First N.J. bank fails, becomes 32nd closure in U.S. in '09 | Economy | -- Your State. Your News.

Jan 30th
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First N.J. bank fails, becomes 32nd closure in U.S. in '09


bankv_opt_copyThe current recession has claimed its first casualty among New Jersey banks, as regulators shuttered a struggling Ridgewood institution.

But the May 1 action by the state Department of Banking and Insurance contained good news for customers of the failed Citizens Community Bank. Its the state-chartered institution's sole branch has been absorbed by North Jersey Community Bank, based in Englewood Cliffs.

All deposits at CCB will be safe, even if they exceed the maximum $250,000 federal protection limit, according to David Barr, a spokesman for the Federal Deposit Insurance Corp., appointed receiver by the state.

Former CCB customers are now able to use their original office and the other branches of North Jersey Community Bank, based in Englewood Cliffs.

As of Dec. 31, 2008, Citizens Community Bank had total assets of approximately $45.1 million and total deposits of $43.7 million, according to the FDIC. NJCB paid a premium of 0.67 percent to acquire the deposits.

In addition to acquiring the failed bank's deposits, North Jersey Community Bank agreed to purchase approximately $11.5 million in assets, according to the FDIC, which will retain any remaining assets for later disposition.

The FDIC estimates that the cost to the Deposit Insurance Fund will be $18.1 million. North Jersey Community Bank's acquisition of the deposits of Citizens Community Bank was the “least costly” resolution for the fund, according to regulators.

Coupled with Friday's other seizures, Silverton Bank in Atlanta and American West Bank in Layton, Utah, the action means 32 banks have failed so far this year, compared to 25 in 2008.

Most have occurred in the West and the Southeast, areas where housing and construction bubbles led to increasingly risky investment practices. Georgia leads with six failures, but Silverton was unusual. Known until last year as Banker's Bank, it did not take deposits from the general public but served other financial institutions.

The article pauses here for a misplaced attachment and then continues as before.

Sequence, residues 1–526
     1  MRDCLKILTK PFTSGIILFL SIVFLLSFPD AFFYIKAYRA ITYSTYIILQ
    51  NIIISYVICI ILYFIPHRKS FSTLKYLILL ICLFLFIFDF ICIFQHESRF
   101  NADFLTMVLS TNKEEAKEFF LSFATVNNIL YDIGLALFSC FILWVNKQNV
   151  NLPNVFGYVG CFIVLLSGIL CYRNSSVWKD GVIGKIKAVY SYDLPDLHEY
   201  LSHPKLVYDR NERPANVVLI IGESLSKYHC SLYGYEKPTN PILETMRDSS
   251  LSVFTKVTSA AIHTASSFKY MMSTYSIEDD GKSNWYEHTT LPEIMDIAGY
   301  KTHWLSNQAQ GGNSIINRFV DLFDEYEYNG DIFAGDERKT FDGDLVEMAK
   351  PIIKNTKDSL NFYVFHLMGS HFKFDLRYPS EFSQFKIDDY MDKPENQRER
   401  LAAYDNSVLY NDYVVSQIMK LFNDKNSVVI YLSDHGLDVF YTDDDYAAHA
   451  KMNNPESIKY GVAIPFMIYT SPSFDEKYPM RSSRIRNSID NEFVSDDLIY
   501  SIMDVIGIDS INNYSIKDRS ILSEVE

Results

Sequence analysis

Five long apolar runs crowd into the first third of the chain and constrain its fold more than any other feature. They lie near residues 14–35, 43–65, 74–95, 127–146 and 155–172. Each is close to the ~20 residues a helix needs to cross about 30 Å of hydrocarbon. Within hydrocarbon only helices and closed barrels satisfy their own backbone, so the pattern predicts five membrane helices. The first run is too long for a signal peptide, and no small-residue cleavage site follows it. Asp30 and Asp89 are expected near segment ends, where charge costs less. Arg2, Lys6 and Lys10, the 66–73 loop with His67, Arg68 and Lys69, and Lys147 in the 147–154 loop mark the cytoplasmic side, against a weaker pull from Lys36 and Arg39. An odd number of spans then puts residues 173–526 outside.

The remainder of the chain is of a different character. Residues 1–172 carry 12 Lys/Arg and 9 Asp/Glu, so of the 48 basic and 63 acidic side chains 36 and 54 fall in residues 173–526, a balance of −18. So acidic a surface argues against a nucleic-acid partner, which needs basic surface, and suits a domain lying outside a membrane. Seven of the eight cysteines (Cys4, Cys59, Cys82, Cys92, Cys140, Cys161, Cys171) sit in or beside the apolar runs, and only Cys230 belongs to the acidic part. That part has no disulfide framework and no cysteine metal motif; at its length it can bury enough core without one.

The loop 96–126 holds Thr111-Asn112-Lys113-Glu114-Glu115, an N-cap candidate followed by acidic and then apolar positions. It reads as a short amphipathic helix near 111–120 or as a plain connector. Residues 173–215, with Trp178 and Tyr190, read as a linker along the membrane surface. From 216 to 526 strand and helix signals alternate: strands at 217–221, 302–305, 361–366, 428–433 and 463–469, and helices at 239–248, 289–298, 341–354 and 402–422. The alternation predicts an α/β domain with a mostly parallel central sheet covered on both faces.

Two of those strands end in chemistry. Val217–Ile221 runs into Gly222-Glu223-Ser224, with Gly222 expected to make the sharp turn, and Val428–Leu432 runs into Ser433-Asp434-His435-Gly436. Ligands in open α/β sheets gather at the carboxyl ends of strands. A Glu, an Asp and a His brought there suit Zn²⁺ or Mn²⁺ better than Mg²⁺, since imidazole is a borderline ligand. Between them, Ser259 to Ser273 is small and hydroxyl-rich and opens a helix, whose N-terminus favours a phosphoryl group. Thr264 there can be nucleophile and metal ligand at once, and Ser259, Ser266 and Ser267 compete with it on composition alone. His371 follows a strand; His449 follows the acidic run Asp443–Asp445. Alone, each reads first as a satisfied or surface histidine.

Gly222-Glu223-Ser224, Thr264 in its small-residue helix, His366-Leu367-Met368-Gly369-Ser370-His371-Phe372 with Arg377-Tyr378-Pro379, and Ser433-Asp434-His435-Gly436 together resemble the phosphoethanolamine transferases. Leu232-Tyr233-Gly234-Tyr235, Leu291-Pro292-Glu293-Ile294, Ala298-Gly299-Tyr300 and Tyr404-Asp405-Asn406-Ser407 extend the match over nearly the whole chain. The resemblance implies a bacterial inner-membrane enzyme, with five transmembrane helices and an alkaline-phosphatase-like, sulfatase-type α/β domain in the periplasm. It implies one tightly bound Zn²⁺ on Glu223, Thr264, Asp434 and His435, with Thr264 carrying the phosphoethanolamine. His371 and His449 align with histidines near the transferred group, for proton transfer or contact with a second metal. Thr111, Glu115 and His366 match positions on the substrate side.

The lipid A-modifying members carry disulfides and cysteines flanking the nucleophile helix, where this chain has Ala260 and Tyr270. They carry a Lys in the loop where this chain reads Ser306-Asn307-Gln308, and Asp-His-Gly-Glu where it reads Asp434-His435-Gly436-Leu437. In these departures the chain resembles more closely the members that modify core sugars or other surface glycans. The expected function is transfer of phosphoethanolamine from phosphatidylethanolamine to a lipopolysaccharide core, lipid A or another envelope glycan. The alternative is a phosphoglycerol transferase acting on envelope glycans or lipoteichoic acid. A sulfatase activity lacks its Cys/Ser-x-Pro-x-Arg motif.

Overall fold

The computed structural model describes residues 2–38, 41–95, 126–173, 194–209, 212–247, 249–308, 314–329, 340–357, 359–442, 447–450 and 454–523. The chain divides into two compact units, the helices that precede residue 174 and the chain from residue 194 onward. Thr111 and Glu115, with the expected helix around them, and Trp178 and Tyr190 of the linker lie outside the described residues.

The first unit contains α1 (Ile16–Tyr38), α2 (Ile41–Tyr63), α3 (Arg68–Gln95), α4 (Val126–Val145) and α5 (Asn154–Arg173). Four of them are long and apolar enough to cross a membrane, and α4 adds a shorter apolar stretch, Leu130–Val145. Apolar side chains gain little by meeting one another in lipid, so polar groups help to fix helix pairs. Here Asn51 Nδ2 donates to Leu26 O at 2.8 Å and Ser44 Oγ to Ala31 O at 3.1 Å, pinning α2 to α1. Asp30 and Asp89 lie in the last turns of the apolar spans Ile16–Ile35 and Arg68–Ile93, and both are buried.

The last FDIC-insured bank to fail in New Jersey was Dollar Savings Bank of Newark, which went under in February 2004.

But state and federal regulators had their eyes on Citizens Community Bank for months, according to a statement issued by the banking department. Since September, the closely held company had been operating under a cease-and-desist order issued by the department and the FDIC for inadequate management oversight, violations of the federal Bank Secrecy Act and other problems, according to the state.

Steven Goldman, state banking and insurance commissioner, called CCB's failure an “isolated case” among New Jersey institutions. The bank never reported a profitable year and has been hurt by commercial and residential loans, according to analysts.

“They have suffered from deficient management and poor asset quality,” Goldman said in a statement. “The Department repeatedly demanded the bank’s management take corrective action, but its failure to adequately address these problems made today’s action necessary to protect consumers.”


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